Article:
Recipe For Success

Cheesecake maven gives destitute women a second chance.
Magazine Contributor
3 min read

This story appears in the April 1998 issue of Entrepreneur. Subscribe »

By all accounts, Twainland Cheesecake Co. is no ordinary eatery. Consider the owner,?2-year-old Lynn Carr, who went from to entrepreneurial . Even her employees break the mold--most are high school dropouts and welfare moms. But perhaps what sets her apart most is an enduring commitment to the impoverished women of her Hannibal, Missouri, community.

"Cheesecake is just a product; what we're really in is the people-growing business," says Carr, who employs 10 women and has helped three others learn and move on to other jobs.

They bake--sometimes as many as 200 cheesecakes per week, in any one of the 116 varieties Carr has perfected. And it's obvious there's more to Twainland than just desserts; think more along the lines of persistent encouragement. In the back kitchen, TV monitors blare inspirational messages from such motivational speakers as and . And as part of an agreement, two of her workers dedicate part of each day to studying for their GEDs--and get paid for it, too.

Carr's goal is a targeted one: to help as many women as possible leave welfare behind. "The welfare system is just like a child and [his or her] security blanket," she says. "You take that blanket away, and there's going to be a lot of ." Although it's no piece of cake, Carr teaches her employees to cope with their fears and learn financial independence--all the while building a successful business.

Next on Carr's agenda? Several things: to be the number-one cheesecake company in the nation, employ at least 50 destitute women, offer on-site day care, and establish a center. Looks like she could just take the cake.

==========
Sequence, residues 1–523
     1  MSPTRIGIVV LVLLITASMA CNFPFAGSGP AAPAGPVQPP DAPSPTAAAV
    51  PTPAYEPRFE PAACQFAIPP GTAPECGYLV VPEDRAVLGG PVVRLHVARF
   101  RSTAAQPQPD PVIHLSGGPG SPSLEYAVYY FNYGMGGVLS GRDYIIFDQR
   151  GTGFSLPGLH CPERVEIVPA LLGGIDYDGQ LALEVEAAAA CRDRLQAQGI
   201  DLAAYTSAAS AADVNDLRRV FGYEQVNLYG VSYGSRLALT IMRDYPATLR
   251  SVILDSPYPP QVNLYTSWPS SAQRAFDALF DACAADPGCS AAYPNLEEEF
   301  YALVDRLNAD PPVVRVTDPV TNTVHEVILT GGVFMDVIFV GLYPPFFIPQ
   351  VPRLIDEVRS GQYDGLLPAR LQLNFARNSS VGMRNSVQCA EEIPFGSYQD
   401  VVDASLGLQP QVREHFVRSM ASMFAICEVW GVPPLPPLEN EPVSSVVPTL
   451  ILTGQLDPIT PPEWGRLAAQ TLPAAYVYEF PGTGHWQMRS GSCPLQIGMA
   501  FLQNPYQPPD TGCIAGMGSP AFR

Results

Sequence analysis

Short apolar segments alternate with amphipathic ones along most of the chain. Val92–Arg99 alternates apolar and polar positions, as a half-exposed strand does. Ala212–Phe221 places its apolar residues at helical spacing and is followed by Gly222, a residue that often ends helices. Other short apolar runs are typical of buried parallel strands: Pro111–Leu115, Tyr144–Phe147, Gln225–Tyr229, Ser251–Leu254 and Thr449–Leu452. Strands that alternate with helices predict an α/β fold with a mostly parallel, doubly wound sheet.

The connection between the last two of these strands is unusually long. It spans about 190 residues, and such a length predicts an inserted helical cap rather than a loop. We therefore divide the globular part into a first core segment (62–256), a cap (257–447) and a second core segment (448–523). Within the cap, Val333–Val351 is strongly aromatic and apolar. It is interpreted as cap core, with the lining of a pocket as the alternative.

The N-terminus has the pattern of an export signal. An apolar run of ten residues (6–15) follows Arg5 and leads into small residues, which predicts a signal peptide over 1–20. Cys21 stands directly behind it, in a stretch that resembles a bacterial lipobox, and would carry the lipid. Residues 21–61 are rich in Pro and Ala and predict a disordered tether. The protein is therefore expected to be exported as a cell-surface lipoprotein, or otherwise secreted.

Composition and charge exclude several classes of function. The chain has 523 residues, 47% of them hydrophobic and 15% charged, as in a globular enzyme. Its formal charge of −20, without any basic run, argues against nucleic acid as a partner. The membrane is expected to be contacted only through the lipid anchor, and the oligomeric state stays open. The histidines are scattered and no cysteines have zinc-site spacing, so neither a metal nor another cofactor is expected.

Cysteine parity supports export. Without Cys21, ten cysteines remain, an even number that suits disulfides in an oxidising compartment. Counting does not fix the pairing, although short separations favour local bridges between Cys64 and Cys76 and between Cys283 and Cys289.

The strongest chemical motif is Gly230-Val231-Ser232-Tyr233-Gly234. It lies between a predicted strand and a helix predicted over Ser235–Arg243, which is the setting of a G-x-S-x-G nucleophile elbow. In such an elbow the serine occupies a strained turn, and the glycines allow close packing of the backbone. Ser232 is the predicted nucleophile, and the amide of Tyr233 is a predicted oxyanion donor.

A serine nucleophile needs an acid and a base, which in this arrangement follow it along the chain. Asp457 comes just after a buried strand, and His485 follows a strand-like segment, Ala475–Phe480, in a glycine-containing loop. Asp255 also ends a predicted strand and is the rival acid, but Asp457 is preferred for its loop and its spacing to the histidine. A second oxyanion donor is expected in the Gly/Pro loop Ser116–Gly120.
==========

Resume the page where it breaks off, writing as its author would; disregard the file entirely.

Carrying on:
Fair Share

It's time for women to even the SCORE.

The number of women small- owners may be growing--more than 8 million at last count--but of the 12,000 Service Corps of Retired Executives (SCORE) counselors nationwide, only 1,200 are women.

Although the organization hasn't exactly kept pace, Patty DeDominic plans to change all that. In an effort to regain some balance, in November, SCORE appointed her as Special Counsel to the board of directors on women's issues. Her first order of business? "To assist SCORE in recruiting more counselors, specifically female counselors," says DeDominic, who hopes to register 800 additional women by year-end.

Attaining a more representative pool of counselors offers a host of benefits to those seeking advice from SCORE. And DeDominic, founder of PDQ Personnel Services Inc. in Los Angeles, is just the one to guide the recruiting process. "Many women-owned businesses are on the cutting edge, and they've had to overcome a number of hurdles," she says. "SCORE wants to make sure it has sufficient resources, and it knows that many of the women are fabulous resources who haven't been utilized in the past. It should put some new vitality into the organization."

Raising Ranks

Women own a growing number of businesses worldwide.

  • United States: 36%
  • Australia: 33%
  • Japan: 23%
  • Canada: 31%
  • Mexico: 16%
  • Germany: 28%
  • The Netherlands: 15%

Contact Sources

National Foundation for Women Owners,

SCORE, (213) 938-3933,

Twainland Cheesecake Co., (573) 221-3355,


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